Fiber (estimated dry matter content) = 4.5%

Red items indicate controversial ingredients

Estimated Nutrient Content
MethodProteinFatCarbs
Guaranteed Analysis24%14%NA
Dry Matter Basis27%16%49%
Calorie Weighted Basis24%34%43%
Protein = 24% | Fat = 34% | Carbs = 43%

The first ingredient in this dog food is chicken. Although it is a quality item, raw chicken contains about 80% water. After cooking, most of that moisture is lost, reducing the meat content to just a fraction of its original weight.

After processing, this item would probably account for a smaller part of the total content of the finished product.

The second ingredient is chicken meal. Chicken meal is considered a meat concentrate and contains nearly 300% more protein than fresh chicken.

The third ingredient is brown rice, a complex carbohydrate that (once cooked) can be fairly easy to digest. However, aside from its natural energy content, rice is of only modest nutritional value to a dog.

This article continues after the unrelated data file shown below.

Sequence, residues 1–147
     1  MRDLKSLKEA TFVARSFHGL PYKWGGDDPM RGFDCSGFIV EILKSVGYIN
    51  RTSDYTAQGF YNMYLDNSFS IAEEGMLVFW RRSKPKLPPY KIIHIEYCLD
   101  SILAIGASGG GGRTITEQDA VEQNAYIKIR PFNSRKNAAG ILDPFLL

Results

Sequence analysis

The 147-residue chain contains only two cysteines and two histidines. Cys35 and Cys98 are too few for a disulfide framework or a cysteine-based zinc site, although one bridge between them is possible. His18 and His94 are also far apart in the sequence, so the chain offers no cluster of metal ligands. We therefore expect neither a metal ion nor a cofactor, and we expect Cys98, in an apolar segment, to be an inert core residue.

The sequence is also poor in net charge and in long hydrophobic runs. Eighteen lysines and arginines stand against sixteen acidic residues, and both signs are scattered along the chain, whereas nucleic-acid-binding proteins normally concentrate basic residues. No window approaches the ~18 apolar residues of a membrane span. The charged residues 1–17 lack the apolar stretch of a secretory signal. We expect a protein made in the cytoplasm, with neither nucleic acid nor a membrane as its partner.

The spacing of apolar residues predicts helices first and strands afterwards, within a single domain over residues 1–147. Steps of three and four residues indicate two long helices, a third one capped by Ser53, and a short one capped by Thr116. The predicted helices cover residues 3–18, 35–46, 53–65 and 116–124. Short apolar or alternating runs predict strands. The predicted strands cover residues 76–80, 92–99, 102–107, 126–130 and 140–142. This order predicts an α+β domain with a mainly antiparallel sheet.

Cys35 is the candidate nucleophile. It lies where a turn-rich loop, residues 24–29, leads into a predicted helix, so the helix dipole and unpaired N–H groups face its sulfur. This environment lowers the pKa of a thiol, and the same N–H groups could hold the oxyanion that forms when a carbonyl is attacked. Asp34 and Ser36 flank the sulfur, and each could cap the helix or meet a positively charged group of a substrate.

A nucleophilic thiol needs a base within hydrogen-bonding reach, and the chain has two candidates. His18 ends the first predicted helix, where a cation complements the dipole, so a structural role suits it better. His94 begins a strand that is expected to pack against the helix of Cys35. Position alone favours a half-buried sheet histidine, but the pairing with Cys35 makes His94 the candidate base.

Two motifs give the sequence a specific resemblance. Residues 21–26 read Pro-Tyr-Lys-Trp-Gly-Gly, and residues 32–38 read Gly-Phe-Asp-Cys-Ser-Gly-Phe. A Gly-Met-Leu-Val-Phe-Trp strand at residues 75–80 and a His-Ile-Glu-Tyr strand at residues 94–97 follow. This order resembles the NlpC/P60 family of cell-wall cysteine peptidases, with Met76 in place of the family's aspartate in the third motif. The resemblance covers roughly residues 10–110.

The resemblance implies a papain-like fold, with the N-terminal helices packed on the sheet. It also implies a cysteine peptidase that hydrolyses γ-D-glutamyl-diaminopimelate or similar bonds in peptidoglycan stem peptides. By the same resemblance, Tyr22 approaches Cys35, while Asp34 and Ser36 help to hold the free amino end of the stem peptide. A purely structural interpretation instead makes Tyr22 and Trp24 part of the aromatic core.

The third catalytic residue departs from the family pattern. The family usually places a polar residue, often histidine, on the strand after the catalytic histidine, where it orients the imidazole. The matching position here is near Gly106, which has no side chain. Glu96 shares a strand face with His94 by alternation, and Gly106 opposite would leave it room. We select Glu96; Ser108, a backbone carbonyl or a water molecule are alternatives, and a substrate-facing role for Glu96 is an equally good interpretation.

The fourth ingredient is oatmeal, a whole-grain product made from coarsely ground oats. Oatmeal is naturally rich in B-vitamins, dietary fiber and can be (depending upon its level of purity) gluten-free.

The fifth ingredient is barley. Barley is a starchy carbohydrate supplying fiber and other healthy nutrients. However, aside from its energy content, this cereal grain is of only modest nutritional value to a dog.

The sixth ingredient is chicken fat. Chicken fat is obtained from rendering chicken, a process similar to making soup in which the fat itself is skimmed from the surface of the liquid.